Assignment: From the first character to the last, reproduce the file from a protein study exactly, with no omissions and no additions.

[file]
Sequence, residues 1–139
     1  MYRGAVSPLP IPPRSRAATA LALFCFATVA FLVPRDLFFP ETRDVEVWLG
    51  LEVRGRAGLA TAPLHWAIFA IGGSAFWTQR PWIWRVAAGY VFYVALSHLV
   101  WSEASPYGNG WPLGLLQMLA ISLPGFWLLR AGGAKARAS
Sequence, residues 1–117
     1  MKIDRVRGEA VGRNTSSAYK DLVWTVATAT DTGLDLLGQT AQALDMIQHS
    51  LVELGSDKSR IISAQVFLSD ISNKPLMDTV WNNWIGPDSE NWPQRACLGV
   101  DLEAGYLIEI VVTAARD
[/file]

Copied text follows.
Sequence, residues 1–139
     1  MYRGAVSPLP IPPRSRAATA LALFCFATVA FLVPRDLFFP ETRDVEVWLG
    51  LEVRGRAGLA TAPLHWAIFA IGGSAFWTQR PWIWRVAAGY VFYVALSHLV
   101  WSEASPYGNG WPLGLLQMLA ISLPGFWLLR AGGAKARAS
Sequence, residues 1–117
     1  MKIDRVRGEA VGRNTSSAYK DLVWTVATAT DTGLDLLGQT AQALDMIQHS
    51  LVELGSDKSR IISAQVFLSD ISNKPLMDTV WNNWIGPDSE NWPQRACLGV
   101  DLEAGYLIEI VVTAARD